Within the realm of training for greater strength, muscle mass, and endurance lies an area of science that remains relatively untapped: Neuroscience. It's indeed the uncharted waters in the vast ocean of the science and practice of resistance training. That's because so little is known about how the nervous system actually works.
Now that I've got your attention with the title, let's try to raise our thinking from the lower centers of bodily function and get more cerebral, shall we? (Admittedly there are those, like a certain editor around here, who can weave <i>both</i> into an entertaining editorial, but I'm not going to attempt that bit of literary stunt pilotry.)
Like everyone else, I've had my role models and mentors who've looked out for me. My mother has taught high school English for over 20 years, so I owe a lot of my writing success to her. My father taught me to tie a tie and to remember to check the oil in my car. My brother, the accountant, is always a phone call away if I need financial advice.
All too often I'll hear various statements about certain artificial sweeteners being harmful. "Toxic" seems to be a word that the general public likes to throw around. In the following article, I'd like to address some of the completely false statements I've seen being made about one sweetener in particular: sucralose.
The strength coaches, trainers, scientists, nutritionists, and editors at T-Nation have been debunking nutrition, supplementation, and fitness myths for years now with topics ranging from glutamine use to training frequency to tuna fish & mercury.
This week, one of the great mentors in my life died. He was Coach Ralph Maughan of Utah State, and he taught me one great lesson.
Ever notice how two supposedly inviolate principles of resistance training are basically contradictory?
It was a dire situation, a nightmare of indescribable proportions that only Dante could relate to. Every salacious thought I've ever had and every misdeed I ever committed was paid back to me in spades.
When it comes to building muscle or performing at your peak athletically, nutrition is 50% of the equation. Or is it 75%? Maybe 90%? Whatever. It's, like, really important, okay?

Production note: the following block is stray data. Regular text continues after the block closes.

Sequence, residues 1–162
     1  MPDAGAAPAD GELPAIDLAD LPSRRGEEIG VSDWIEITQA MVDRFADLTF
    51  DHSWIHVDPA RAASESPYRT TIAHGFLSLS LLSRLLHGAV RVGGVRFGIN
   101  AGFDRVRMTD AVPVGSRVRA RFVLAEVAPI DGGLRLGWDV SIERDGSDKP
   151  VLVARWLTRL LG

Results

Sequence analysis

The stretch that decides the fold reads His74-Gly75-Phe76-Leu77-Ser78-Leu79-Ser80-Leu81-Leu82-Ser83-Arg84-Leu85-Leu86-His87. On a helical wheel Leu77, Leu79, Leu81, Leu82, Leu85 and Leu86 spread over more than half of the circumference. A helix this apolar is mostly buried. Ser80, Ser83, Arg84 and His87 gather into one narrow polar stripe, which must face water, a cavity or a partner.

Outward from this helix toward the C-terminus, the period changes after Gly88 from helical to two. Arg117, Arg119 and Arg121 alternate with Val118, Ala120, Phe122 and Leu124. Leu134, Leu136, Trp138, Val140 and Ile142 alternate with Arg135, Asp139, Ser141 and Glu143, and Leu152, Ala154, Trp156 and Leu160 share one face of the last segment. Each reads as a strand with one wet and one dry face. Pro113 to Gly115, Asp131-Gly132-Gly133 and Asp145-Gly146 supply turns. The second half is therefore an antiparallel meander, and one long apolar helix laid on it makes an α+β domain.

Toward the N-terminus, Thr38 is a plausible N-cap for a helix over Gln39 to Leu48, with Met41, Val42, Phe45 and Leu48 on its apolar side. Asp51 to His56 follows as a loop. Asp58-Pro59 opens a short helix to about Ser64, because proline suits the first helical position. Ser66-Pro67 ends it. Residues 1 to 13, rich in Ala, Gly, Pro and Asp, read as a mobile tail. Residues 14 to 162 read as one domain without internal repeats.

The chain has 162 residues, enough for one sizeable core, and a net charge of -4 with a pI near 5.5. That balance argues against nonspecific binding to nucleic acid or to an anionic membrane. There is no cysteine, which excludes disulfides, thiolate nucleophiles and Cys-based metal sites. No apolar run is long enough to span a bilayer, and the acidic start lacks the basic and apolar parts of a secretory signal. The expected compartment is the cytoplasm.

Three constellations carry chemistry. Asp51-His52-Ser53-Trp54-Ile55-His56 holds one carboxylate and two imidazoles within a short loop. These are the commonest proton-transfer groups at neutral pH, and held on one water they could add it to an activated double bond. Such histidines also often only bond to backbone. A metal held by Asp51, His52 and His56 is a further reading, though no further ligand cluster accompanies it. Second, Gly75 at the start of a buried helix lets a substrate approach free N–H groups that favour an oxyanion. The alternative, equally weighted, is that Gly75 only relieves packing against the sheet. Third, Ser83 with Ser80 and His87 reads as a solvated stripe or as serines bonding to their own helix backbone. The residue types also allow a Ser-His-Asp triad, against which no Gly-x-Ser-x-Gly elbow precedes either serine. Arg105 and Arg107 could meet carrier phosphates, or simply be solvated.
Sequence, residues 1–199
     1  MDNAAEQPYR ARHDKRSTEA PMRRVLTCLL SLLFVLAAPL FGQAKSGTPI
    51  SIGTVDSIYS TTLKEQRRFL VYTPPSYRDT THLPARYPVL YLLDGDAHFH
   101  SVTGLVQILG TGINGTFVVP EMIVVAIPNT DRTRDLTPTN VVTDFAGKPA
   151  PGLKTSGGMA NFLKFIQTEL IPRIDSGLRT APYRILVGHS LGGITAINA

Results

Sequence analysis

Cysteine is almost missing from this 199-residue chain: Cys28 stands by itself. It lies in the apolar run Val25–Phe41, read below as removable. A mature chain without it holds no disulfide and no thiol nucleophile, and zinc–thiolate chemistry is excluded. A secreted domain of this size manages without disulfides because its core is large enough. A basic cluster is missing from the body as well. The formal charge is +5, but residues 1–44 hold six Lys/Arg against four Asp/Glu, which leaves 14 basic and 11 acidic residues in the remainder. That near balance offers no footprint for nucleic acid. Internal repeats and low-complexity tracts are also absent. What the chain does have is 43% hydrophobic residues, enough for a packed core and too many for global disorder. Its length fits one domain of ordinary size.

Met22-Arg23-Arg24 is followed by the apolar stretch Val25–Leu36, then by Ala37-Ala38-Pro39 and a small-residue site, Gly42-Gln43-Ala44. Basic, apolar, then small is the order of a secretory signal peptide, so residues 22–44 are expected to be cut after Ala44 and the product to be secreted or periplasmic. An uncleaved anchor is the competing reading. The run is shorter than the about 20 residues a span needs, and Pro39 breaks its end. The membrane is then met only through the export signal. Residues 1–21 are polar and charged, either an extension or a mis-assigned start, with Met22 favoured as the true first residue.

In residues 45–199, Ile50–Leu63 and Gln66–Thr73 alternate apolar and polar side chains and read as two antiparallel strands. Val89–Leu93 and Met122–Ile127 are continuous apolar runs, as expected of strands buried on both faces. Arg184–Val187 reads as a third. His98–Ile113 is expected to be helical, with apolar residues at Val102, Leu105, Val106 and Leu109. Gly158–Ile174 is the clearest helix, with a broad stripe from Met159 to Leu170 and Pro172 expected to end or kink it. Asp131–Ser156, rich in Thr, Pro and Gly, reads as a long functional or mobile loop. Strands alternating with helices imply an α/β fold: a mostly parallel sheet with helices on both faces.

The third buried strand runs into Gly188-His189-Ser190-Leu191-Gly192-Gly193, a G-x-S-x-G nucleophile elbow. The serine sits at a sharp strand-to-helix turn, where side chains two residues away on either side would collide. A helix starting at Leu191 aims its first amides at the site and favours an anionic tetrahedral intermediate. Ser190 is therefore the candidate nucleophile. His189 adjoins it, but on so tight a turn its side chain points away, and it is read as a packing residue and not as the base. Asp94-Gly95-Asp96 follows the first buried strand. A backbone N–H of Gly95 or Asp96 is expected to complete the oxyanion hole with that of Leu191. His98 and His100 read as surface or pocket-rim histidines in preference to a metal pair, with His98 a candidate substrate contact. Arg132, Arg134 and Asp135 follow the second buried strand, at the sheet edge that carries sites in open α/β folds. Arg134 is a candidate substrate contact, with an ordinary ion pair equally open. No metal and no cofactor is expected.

Low-carbohydrate diets have certainly received their share of attention in recent years. While the popularity of Atkins, South Beach, and other low-carb diets peaked last year, it remains an interesting topic among physique athletes.
If you drop about a roll and a half of Mentos mints into a 2-liter bottle of Diet Coke, you'd better run like hell because the Mentos causes the Coke to erupt into a beautiful, 15-foot high, sugary-sweet Coca Cola geyser.
I remember lying on the incline bench. It was an "old school" incline bench: long, straight, and red, with footpads at the bottom so you're literally locked in from heel to shoulder for every rep.
They're both assets to my training programs. Indeed, I've used kettlebells for years with success. And Pavel? He's a good guy. I definitely consider him a friend and a juggernaut in the strength and conditioning community.
"Now that's my idea of a fit woman!"
In 1993, the Food and Nutrition Board of the National Academy of Sciences introduced the Dietary Reference Intakes (DRIs), a set of four reference values for nutritional intakes:
The days of banging out a thousand crunches are over. Get your core strong to get your entire body strong. Here’s how.
Creatine is the most studied sports supplement in history. Here’s what we’ve learned about loading, delivery systems, and timing issues.
In four months I'll be a whopping 28 years old. I know a thing or two about training and all that goes into it, but I also respect the fact that there's a hell of a lot I don't know enough about, and other topics I need to know something about that I'm not even aware of!
How does an advanced lifter build bigger arms? Is it even possible? It is. If you're an experienced lifter who hasn't seen arm growth in ages, here's what to do.
This article isn't going to overwhelm you with neuroscience or obscure language. Nope, it's going to be bare-bones simple. As I've learned over the years, elementary advice is usually what helps people most, and it tends to work best.
Despite what you might think from the title of this article "Man Fuel" is NOT the name of a new supplement from TwinLab. Instead, it's the name of a new Question and Answer column from Testosterone contributor Mike Roussell.
Nine challenging exercises that you probably haven't tried before. Give 'em a shot this week in the gym.
When it comes to exercise performance, especially the more exotic movements I often prescribe, most people grasp the big picture but miss the finer points. To remedy this, I created this "toolbox" series to help experienced lifters fill in the blanks and newer lifters learn about some very effective exercises. Here's the newest installment!
When Dave Tate needed nutrition help, he turned to Dr. John Berardi. Here’s what he learned.